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Candidates for MCC board also seeking other positions, raising legal questions

Published: Friday, March 15, 2013 1:18 p.m. CDT • Updated: Friday, March 15, 2013 11:15 p.m. CDT

WOODSTOCK – Just three weeks before election, two candidates in a hotly contested race could be kicked off the ballot.

Chris Jenner and Erik Sivertsen are two in a field of nine hopefuls seeking a seat on the McHenry County College board. Both men also are running for their local elementary school boards.

Questions arose about whether the men can seek both positions simultaneously.

A 1996 informal opinion from the Illinois Attorney General's Office said school board and community college election positions are "incompatible," therefore election law prohibits McHenry County Clerk Katherine Schultz from printing their names on the ballots

"I don't know why this couldn't have been addressed months ago, weeks ago," Jenner said.

It's still unclear whether the men can run as write-in candidates.

Schultz is seeking legal direction in McHenry County Court documents filed Wednesday. A ruling is expected Monday.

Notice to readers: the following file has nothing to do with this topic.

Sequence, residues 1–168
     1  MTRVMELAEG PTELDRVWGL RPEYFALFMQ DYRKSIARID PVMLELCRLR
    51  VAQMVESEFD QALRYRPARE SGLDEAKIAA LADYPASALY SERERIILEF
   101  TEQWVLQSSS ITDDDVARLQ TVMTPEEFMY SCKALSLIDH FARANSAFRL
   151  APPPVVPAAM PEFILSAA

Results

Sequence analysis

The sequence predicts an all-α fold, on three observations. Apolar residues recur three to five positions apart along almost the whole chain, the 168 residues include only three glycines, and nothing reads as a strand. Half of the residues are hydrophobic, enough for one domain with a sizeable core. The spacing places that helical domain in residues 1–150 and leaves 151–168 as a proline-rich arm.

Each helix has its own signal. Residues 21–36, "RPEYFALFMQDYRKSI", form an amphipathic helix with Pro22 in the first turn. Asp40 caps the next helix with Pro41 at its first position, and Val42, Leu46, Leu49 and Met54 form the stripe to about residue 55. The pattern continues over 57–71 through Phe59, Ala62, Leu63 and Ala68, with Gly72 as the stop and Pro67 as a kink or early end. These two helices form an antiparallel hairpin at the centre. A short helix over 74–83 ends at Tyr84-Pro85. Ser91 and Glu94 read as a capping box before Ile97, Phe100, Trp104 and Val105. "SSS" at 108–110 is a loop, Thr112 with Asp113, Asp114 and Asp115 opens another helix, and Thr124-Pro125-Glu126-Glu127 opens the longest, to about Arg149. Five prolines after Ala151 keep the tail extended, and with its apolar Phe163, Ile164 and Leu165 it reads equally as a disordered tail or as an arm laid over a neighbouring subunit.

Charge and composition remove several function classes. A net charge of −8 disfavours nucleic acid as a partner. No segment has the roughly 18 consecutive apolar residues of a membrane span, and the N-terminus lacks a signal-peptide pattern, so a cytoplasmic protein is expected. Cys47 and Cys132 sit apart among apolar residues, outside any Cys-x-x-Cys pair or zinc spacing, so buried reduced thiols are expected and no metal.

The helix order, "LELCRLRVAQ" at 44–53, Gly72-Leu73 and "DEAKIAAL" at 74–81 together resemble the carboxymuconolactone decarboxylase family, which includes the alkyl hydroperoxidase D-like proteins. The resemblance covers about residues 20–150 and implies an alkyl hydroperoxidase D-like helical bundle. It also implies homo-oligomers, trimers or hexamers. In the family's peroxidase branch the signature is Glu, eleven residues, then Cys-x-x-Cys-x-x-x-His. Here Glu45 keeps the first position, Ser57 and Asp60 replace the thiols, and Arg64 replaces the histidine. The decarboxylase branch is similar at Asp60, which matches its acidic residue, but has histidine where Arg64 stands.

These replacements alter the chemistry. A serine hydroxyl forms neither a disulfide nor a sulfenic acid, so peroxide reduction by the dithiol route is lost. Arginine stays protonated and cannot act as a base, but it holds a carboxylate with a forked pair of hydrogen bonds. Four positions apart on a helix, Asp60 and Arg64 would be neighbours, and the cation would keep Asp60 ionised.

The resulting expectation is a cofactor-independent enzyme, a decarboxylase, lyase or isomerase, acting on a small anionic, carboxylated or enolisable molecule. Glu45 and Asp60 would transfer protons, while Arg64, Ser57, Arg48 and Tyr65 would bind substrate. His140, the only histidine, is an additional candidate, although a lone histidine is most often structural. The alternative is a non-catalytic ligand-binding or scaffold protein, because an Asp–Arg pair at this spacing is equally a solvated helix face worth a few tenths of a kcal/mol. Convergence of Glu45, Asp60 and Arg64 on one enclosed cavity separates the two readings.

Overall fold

"I've never run into the situation," Schultz said. "I want the courts behind me no matter what."

Jenner on Monday withdrew his re-election bid for the Cary District 26 school board, but Schultz said there still are questions about whether it's too late for him to withdraw.

He called the court filing a "distraction" to his campaign.

"I believe the complaint is without merit," Jenner said. "It only draws attention away from the important issue of the MCC board seeking to violate taxpayers' rights by selling bonds without a referendum."

Sivertsen is still running in McHenry District 15 and doesn't believe there is a problem with his filing.

"The offices are not incompatible, when state law specifically permits holding both offices simultaneously, and there is no legal basis for them to remove either of us from the ballot," he said in an email to the Northwest Herald.

State law says that if a school board member is elected or appointed to a community college board, he or she can serve the remainder of their term, but once that school board term expires, cannot hold both offices.

Schultz is hoping to get clarification by Monday so the ballots can be printed before the April 9 election.

Grace period voting started Wednesday, so the few who have come in to cast a vote were asked to come back another time, or offered to be mailed a ballot. Early voting, which starts March 25, is done on touch screens, Schultz said.

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